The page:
Jacques Kallis scored a cool fifty and was ably supported by Jhonty Rhodes (43). But the task became difficult as Kallis and Pollock were sent back in quick succession. But even as wickets kept falling and the asking rate kept increasing, Lance Klusener on the other end continued his savage hitting as he had done throughout the tournament.
With 9 needed off the last Fleming over and one wicket in hand, Klusener clobbered two half-volleys to the boundary to take the Proteas to the brink of the final needing 1 off 4 balls. Steve Waugh then set a field that looked like a maze, something that must have got the 'Zulu' warrior thinking. Klusener tried a cheeky single the next ball and Donald backing up too far was given a life as Lehmann missed the stumps.
Klusener repeated the mistake as he charged for a quick single the next ball. Donald was late to react, Mark Waugh threw the ball to Fleming from mid-on who rolled it onto Gilchrist who in turn broke the stumps. The match had ended in a tie but the Australians were over-joyed. They were placed higher than South Africa in the Super Six table due to a better net run-rate and hence proceeded to the final at Lord's.
Cronje, Woolmer and the rest of the green brigade deserved better than going out to a technicality.
2003: West Indies vs South Africa
West Indies won by 3 runs
South Africa had announced themselves as the grand hosts of the 2003 edition with a spectacular opening ceremony and the first match had to be grand as well and it was.
Pollock (now captain) reduced West Indies to 7/2 which brought Brian Lara out to the wicket. He and Chanderpaul started a partnership at a painstackingly slow pace. But the Lara was getting in his groove for a master-class. The left-hander changed gears in the second half of the innings and raced to a 116 off 134 balls with able support from Carl Hooper.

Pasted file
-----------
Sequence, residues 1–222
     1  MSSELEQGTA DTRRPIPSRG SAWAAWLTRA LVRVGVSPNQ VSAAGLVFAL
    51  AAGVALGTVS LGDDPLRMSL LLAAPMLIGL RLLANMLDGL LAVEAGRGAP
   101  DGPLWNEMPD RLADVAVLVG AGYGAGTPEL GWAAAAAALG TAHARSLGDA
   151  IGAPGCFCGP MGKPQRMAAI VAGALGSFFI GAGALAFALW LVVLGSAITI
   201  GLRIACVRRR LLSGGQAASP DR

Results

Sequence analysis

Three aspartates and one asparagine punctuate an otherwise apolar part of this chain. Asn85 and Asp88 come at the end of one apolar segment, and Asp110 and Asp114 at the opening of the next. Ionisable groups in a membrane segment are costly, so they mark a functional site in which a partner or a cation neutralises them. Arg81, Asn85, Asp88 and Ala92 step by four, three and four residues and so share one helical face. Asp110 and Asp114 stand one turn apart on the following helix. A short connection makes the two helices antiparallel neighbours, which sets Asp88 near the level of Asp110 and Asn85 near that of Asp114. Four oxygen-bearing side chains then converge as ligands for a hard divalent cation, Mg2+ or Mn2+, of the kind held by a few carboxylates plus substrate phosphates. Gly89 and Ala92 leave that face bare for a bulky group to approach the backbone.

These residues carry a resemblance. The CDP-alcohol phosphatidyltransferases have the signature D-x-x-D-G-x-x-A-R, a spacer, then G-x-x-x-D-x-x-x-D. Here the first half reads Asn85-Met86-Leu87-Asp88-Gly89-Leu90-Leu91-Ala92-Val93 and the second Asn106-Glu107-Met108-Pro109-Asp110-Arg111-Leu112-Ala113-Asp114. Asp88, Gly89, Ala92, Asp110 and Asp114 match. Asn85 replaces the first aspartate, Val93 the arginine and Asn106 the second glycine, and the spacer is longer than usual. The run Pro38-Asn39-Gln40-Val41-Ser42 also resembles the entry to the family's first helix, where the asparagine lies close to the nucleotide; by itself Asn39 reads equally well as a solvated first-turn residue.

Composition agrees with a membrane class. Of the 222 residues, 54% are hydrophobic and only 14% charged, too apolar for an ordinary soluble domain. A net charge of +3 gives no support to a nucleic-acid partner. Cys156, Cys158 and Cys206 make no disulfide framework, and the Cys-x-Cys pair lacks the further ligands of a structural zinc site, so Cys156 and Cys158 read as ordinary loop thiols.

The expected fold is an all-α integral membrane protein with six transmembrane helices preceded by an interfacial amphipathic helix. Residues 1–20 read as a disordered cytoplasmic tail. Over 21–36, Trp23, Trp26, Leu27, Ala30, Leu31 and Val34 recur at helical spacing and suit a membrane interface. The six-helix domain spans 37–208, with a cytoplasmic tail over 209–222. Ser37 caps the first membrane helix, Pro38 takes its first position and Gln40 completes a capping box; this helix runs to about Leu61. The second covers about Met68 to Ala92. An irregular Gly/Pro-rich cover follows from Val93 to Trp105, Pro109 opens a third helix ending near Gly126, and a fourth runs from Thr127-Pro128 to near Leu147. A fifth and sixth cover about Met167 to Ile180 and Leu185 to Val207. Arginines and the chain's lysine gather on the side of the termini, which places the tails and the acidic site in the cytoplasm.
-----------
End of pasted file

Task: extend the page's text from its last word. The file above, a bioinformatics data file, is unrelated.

The islanders ended with a flourish as Powell and Sarwan got stuck into the Protean attack and a final total of 278 was more than challenging at Newlands.
Gary Kirsten was perfect in his role as the sheet anchor but wickets kept falling around him. Mark Boucher hit out to give the innings the much needed impetus. Lance Klusener looked to carry on from 1999 exploits and when he reached a quick fifty, the hosts were the favourites.
But Klusener's last over curse struck again as he was caught out. Nicky Boje and the tailenders could not get the 8 needed off the last five balls and West Indies won by 3 runs.
2007 FINAL: Australia vs Sri Lanka
Australia won by 53 runs (DL Method)
Australia were on a different pedestal than the rest of the other teams. And there was ample manifestation of that throughout this tournament as they remained unbeaten to reach the final. They looked to win their third straight World Cup title and second under the leadership of Ricky Ponting.
But they had a last hurdle to cross. A talented Sri Lankan squad with the stylish Mahela Jayawardene at the helm and their own set of match-winners in Muralitharan, Malinga and Sangakkara.
The match was curtailed to 38 overs due to rain. When the Australian openers came out to bat, everyone was looking at the burly Hayden and his broad willow, which had produced the maximum number of runs in the tournament. But it was his other left-handed partner who stole the show.
Adam Gilchrist saw off a tight opening spell from Lasith Malinga and then launched an attack that reduced the Lankan attack to smithereens. Dispatching the bowlers too all parts of the park with extreme disdain, Gilchrist plundered 149 runs in 104 balls hitting 13 fours and 8 sixes. The rest did not matter but added to the scorecard which read 281 at the end of 38 painful overs for Sri Lanka.
Jayasuriya and Sangakkara played good knocks but it was always a close to impossible job to chase down the colossal target. Rain intervened again and the final few overs were a complete farce as they were played in pitch darkness with the Lankans already having surrendered to fate.
Ponting and his men won by 53 runs via the D/L method and were deservingly crowned the Champions of the World, again!